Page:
WASHINGTON – Recruiters, drill sergeants and initial entry training Soldiers will be among the first to receive the new Army Green Service Uniform as program officials look to distribute it to all installations by the middle of next fiscal year.
The uniform harkens back to the "greatest generation" of Soldiers who fought during World War II. “For the past year, I’ve been wearing the Army Greens,” said Army Vice Chief Of Staff Gen. Joseph M. Martin. “Wherever I go, people tell me they love the uniform.
“As we transition to the next phase of the rollout,” he added, “I’m excited for the Soldiers who are about to receive the uniform. I think that when they see themselves in the mirror they’ll feel connected to the Soldiers of the past and realize they’re writing the next chapter of what people feel about our Army.”
Personnel in basic and one-station unit training should receive the AGSU beginning in the first quarter of FY21, said Lt. Col. Naim Lee, product manager of Soldier Clothing and Individual Equipment at Program Executive Office Soldier.
Fort Sill, Okla., will be the first training location to issue the uniform, shortly followed by Fort Leonard Wood, Mo.; Fort Benning, Ga.; and Fort Jackson, S.C., he added.
The Army had originally planned to begin issuing the uniforms at IET locations before the end of this fiscal year; however, Lee said, setbacks during production related to COVID-19 forced a delay in the rollout process.
Soldiers attending the Army’s Recruiting and Retention College at Fort Knox, Ky., started to receive their AGSUs earlier this month, he said. The Army is continuing to work through its distribution and production channels to ensure all recruiters are issued the uniform starting in November through April 2021.
"The Army prioritized recruiters and drill sergeants because they serve as the face of the force,” Lee said.
After a select group of recruiters were able to wear the uniform as part of a pilot, they indicated how it may help attract quality applicants. It also could inspire the next generation of leaders by connecting the “all-volunteer force” to its historical lineage, Lee said
Moving forward, the Army and Air Force Exchange Service will supply the new uniform through a wave-based rollout approach, Lee said. The majority of the military stores in the U.S. are scheduled to have the merchandise by December. Stores in Alaska, Europe, Japan and South Korea – along with National Guard and Reserve military clothing locations – should have it in-stock by February.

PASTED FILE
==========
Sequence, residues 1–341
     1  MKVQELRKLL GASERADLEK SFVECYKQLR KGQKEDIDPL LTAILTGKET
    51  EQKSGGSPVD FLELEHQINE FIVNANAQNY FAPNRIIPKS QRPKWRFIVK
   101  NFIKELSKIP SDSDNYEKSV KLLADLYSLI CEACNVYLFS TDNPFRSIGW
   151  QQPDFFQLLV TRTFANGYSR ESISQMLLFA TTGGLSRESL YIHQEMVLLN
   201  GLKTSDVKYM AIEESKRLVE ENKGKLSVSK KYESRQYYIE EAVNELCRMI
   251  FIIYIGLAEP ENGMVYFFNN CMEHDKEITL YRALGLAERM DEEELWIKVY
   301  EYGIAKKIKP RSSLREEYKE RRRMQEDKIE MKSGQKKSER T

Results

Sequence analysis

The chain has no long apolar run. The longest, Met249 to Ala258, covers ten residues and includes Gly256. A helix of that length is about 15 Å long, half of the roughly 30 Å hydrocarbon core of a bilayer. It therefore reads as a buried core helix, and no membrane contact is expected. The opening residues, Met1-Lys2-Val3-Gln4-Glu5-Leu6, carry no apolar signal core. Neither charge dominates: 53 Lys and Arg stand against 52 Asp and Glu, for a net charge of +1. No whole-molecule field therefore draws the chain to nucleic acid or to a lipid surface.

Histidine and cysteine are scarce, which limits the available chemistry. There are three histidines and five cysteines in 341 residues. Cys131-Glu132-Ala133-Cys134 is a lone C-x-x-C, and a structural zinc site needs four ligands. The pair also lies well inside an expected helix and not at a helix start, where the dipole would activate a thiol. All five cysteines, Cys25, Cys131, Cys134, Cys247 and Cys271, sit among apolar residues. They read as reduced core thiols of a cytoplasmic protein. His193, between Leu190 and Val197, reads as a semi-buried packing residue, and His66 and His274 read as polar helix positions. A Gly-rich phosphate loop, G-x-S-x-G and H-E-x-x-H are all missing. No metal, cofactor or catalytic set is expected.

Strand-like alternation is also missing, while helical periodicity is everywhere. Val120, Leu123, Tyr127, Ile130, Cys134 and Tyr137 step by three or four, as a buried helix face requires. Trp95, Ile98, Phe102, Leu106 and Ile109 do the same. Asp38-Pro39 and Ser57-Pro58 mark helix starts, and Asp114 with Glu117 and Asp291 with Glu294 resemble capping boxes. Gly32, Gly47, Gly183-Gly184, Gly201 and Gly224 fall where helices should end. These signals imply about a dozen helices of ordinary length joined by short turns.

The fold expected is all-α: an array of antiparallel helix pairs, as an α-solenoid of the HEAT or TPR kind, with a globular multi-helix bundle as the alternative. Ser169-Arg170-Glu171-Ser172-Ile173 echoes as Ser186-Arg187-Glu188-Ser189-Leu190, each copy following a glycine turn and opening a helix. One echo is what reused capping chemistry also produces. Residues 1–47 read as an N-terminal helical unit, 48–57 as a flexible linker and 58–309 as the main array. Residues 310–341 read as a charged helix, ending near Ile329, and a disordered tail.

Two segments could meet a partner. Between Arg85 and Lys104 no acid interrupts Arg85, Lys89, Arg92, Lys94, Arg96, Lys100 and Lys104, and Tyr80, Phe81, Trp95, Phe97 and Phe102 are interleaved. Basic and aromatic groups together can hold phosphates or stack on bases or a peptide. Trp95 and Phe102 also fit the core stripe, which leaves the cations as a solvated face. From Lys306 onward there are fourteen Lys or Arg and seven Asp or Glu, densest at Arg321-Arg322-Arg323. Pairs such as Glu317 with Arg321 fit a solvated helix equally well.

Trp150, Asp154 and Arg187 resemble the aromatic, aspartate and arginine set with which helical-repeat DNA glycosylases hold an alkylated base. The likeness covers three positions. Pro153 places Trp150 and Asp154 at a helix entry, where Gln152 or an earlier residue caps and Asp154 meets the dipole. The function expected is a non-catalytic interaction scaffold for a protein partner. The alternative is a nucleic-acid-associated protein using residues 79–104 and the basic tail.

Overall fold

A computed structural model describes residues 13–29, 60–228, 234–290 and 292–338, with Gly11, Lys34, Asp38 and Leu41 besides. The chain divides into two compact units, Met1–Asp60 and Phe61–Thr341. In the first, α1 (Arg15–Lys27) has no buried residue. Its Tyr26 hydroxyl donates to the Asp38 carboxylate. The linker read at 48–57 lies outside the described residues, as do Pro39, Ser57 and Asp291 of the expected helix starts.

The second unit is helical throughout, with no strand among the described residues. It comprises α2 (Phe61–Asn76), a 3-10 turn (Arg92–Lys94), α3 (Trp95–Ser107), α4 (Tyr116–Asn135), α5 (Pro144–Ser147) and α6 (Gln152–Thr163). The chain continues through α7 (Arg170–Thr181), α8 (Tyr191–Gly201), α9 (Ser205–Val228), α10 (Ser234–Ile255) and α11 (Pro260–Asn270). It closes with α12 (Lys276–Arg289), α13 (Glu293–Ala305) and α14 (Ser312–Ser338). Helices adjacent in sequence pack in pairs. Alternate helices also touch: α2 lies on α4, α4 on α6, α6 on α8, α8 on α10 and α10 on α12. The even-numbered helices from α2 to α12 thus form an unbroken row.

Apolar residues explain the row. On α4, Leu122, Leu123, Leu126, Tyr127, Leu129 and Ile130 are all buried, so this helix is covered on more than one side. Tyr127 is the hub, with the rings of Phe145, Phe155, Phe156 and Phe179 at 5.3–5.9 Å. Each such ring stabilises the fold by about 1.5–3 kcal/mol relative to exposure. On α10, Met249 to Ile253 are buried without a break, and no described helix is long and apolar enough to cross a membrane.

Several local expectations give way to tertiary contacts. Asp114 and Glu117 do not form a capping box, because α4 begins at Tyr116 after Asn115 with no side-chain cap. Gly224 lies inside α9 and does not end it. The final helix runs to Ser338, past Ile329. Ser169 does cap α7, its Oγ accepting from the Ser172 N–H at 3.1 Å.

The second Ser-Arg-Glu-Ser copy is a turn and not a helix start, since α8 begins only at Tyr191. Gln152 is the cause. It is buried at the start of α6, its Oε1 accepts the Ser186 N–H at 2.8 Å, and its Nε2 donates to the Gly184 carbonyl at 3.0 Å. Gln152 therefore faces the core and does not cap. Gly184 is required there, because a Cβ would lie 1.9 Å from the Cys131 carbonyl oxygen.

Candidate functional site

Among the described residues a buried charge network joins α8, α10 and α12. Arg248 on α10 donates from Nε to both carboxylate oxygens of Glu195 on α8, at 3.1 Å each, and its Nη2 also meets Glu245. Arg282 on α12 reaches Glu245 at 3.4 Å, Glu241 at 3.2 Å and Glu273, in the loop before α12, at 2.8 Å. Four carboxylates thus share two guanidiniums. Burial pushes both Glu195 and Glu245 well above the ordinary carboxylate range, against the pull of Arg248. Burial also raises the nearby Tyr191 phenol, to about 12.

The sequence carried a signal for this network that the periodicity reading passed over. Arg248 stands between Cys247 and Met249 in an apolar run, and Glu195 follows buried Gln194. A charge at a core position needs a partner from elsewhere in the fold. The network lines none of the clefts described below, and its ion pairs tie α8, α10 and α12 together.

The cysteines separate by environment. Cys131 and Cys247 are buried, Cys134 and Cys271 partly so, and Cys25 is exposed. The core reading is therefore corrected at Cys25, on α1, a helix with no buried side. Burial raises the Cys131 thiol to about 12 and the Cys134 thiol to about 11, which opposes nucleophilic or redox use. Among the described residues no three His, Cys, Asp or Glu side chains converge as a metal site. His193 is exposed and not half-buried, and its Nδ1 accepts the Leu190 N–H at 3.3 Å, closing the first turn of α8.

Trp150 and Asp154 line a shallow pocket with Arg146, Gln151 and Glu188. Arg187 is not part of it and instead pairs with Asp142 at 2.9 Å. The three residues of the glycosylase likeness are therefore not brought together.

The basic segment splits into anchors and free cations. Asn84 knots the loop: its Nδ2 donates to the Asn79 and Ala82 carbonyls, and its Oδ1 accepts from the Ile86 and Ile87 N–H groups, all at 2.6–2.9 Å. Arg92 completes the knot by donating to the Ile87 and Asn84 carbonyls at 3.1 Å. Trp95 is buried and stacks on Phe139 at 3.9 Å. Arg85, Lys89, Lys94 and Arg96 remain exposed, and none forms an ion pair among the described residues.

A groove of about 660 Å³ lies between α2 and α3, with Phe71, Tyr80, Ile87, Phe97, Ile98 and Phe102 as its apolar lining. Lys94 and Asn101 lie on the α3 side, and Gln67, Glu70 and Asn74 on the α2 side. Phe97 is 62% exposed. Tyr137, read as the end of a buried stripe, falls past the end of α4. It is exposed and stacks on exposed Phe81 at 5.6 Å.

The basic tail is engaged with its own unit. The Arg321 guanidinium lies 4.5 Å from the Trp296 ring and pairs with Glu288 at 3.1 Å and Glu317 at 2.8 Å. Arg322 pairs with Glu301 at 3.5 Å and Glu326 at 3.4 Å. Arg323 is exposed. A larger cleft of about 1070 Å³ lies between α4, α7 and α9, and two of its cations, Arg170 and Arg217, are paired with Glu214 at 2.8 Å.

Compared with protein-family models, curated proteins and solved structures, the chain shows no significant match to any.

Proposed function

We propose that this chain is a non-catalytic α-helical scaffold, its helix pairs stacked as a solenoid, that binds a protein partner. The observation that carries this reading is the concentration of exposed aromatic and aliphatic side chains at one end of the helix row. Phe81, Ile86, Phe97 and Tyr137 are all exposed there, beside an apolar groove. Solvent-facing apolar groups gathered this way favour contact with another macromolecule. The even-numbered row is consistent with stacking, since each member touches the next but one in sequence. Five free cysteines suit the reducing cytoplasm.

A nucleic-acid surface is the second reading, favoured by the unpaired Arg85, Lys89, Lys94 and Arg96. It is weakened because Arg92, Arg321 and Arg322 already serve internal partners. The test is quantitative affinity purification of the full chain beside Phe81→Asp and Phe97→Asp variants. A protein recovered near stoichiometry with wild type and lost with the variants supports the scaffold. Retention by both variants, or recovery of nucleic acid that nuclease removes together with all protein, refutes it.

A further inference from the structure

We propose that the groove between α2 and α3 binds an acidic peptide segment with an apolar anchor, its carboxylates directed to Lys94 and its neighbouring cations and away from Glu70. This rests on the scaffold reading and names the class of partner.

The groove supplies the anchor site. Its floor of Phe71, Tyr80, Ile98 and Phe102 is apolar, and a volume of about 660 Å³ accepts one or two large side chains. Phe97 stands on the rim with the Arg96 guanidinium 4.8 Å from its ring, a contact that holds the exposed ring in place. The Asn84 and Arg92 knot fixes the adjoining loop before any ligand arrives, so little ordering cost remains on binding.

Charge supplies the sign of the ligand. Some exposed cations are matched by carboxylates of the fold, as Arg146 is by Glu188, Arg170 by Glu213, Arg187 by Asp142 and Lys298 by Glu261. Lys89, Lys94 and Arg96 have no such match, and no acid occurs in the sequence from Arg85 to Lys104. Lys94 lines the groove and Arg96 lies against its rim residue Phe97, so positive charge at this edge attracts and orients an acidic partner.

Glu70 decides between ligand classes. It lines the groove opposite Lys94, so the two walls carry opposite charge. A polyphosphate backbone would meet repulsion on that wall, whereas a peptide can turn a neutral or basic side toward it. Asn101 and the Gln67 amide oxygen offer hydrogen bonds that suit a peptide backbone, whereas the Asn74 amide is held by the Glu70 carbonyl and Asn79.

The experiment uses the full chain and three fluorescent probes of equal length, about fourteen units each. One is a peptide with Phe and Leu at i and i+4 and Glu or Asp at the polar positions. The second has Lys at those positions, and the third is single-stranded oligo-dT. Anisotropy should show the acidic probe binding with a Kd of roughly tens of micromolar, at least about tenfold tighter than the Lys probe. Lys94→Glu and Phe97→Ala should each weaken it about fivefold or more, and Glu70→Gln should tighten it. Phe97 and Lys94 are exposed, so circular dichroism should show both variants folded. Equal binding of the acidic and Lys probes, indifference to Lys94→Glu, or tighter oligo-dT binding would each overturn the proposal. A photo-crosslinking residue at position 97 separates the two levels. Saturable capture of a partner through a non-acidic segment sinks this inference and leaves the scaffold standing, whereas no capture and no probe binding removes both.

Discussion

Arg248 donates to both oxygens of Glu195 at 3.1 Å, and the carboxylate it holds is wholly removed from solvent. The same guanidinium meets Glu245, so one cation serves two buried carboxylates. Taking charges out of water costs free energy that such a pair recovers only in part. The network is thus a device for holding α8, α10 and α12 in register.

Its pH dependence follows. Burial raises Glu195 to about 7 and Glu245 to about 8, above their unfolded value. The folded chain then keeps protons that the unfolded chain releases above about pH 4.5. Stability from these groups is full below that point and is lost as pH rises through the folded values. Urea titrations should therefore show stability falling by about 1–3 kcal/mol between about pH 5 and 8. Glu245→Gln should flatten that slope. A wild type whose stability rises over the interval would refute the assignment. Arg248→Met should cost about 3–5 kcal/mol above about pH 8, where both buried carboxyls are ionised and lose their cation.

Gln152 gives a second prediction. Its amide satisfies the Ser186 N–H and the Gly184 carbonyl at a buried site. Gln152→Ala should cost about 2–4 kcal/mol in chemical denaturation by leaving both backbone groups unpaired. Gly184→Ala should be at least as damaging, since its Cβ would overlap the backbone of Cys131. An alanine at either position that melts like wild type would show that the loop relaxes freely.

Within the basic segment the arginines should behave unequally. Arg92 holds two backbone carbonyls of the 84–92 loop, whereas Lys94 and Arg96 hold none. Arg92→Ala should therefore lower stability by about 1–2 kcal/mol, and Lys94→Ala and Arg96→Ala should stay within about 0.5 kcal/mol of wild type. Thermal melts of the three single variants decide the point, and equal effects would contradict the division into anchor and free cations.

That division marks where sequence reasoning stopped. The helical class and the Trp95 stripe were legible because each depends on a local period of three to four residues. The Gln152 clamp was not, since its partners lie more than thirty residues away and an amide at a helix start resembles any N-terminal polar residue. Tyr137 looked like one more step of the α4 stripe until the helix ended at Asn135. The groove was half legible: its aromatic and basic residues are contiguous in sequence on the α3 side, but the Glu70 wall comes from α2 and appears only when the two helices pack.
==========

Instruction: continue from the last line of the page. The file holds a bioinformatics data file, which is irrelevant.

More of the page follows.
The mandatory wear date for all Soldiers is Oct. 1, 2027.
Active-duty enlisted Soldiers, including activated Guardsmen and Reservists, will continue to receive their annual clothing-replacement allowance to offset the new uniform’s cost, Lee said. Other Guard and Reserve Soldiers will begin receiving uniforms no later than the fourth quarter of FY21.
The Army is currently the only service without an everyday business uniform. The version commonly known as dress blues was considered an optional purchase item prior to 2008. Over time, leaders realized the Army Service Uniform was too formal for everyday business use. With the launch of the AGSU, Soldiers will now have an office-work apparel option that will set an appropriate standard for professionalism, Lee said.
Eventually, the Army will stop issuing dress blues to Soldiers. The uniform will continue to be optional and serve as a dress wear for events requiring formal attire.
As the Army delivers its new uniform, PEO Soldier will continue to conduct limited user testing and evaluations through May 2021, Lee further noted. Early in the development process, the Army held an all-female uniform board that determined the design, components, features and fit of their version of the AGSU. PEO Soldier officials said it allows for an elective skirt and shoe wear option. In January, leaders held an additional uniform board to solidify minor changes to the uniform that were identified during ongoing user evaluations.
“Soldiers shared how the uniform is a better fit to their body,” when compared to the ASU, Lee said. “In terms of comfort, we made changes through the limited user evaluation feedback process” to improve the Army Greens.
Feedback will continue to be solicited from a larger Army population, specifically from Soldiers who wear the uniform often. Through this process, program leads will shape future iterations of the ensemble to accommodate different body types or make improvements to the product’s longevity.
“We have teams that will receive feedback through Soldier touchpoints,” Lee said. “Given the current environment (with COVID-19), we will have to incorporate other forms of communication. Beyond that, though, Soldiers seem to be enjoying this new uniform and are eager to go out and get it. We can't get it to them fast enough.”